It’s best to start off this review as honest as possible. If you’re expecting a fully-fledged sequel or even a prequel to Matt Reeves’ brilliant monster horror, Cloverfield in 10 Cloverfield Lane, you’ll be very disappointed.
But, if you’re expecting a superbly written, well-acted and claustrophobic thriller, then this is definitely the film for you. Dan Trachtenberg, who makes his directorial debut with this feature, has crafted a taut film that has no real connection with the 2008 hit. So is it as good?
10 Cloverfield Lane follows Michelle (Mary Elizabeth Winstead) as she embarks on a new chapter in her life after a break-up. Unfortunately, a car crash leaves her seriously injured and unconscious. After waking up in an underground bunker, she meets her saviour in Howard (John Goodman), and as the story progresses, Michelle and fellow resident Emmett, try to make a bid for freedom.
The performances by the cast of three are terrific with Winstead coming on leaps and bounds since her role in Final Destination 3 and John Goodman is absolutely incredible. Cloverfield utilised its monster very well, but Goodman is more than a match with a simple shaking of his fists – his booming voice and burly frame mean he was a perfect casting choice and a human as psychotic as Howard is infinitely more terrifying to me than any monster.
It’s all very Hitchcockian, claustrophobic and exceptionally tense. Director Dan Trachtenberg has a real eye for the smaller details and the underground bunker setting is the perfect location to craft this kind of film. The use of jagged camera angles and low shots help aid the enclosed feeling and you can’t help but become panicked with Michelle, as she desperately tries to figure out a way to freedom.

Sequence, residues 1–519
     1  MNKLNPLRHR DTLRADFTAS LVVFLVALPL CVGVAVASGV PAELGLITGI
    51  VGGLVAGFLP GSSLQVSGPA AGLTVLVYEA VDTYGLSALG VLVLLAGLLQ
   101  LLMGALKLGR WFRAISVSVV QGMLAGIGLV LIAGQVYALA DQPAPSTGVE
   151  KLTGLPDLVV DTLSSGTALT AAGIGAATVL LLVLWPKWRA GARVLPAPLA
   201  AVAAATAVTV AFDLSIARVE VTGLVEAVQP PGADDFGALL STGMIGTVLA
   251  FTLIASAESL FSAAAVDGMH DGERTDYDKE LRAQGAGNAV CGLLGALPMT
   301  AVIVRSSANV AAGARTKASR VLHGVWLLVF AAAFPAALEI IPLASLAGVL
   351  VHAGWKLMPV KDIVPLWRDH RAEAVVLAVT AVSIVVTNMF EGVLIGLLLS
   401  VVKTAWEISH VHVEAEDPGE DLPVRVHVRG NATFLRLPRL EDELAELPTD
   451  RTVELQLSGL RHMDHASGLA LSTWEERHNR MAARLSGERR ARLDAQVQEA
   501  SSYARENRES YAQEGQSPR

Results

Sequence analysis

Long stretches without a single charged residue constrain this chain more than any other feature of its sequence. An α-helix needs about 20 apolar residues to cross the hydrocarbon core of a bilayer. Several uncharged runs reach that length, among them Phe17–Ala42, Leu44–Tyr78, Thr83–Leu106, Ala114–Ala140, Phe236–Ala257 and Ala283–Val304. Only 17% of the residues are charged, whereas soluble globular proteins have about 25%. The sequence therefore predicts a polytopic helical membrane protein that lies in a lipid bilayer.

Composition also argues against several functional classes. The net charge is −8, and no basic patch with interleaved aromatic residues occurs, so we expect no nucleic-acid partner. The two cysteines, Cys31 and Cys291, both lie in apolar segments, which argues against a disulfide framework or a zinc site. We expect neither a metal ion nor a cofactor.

After the bloated mess of London Has Fallen and the overlong Allegiant, it’s nice to see a film that doesn’t dwell more than it needs to. At 103 minutes, 10 Cloverfield Lane is relatively short and all the better for it. Despite only having three characters and being confined to a few small rooms for the majority of the running time, it never drags or becomes dull.
Unfortunately, the final third unravels a little of this good work, coming across like the ending to a completely different film; but Trachtenberg’s ideas and reasoning behind the finale are clear throughout, despite the lack of connection to the two acts that preceded it.
Overall, 10 Cloverfield Lane is a smart and well-thought out thriller that is related to Cloverfield in name only. That’s no bad thing, as the film we are left with is one of the best directorial debuts in years, even though its muddled ending leaves somewhat of a sour taste.
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